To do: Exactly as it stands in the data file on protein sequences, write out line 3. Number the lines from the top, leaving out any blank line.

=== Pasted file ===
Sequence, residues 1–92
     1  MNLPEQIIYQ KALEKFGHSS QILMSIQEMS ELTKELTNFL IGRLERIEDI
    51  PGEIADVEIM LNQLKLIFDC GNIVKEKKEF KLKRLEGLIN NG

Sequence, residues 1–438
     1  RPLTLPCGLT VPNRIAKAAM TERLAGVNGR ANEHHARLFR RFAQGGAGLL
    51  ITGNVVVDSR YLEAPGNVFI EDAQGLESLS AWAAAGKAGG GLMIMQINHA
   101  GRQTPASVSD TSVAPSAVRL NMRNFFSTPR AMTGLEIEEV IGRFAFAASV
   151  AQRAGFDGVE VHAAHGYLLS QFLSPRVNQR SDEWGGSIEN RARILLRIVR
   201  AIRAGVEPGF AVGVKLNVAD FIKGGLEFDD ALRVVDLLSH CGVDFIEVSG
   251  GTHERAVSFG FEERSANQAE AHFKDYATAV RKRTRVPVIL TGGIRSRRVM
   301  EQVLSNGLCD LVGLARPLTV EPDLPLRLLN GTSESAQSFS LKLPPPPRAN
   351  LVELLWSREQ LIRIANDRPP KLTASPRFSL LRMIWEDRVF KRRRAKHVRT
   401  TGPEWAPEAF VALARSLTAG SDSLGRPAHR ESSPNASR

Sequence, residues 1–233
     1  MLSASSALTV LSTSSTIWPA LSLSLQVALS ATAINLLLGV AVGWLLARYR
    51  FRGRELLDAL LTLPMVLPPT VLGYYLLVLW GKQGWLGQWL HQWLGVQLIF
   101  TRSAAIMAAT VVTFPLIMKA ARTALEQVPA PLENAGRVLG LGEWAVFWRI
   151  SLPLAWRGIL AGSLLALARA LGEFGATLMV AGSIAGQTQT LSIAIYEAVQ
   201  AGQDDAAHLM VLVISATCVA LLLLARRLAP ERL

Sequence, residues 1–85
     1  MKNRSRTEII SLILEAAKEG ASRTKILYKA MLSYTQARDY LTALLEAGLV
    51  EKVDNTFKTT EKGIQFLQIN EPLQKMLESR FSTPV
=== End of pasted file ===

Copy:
    51  PGEIADVEIM LNQLKLIFDC GNIVKEKKEF KLKRLEGLIN NG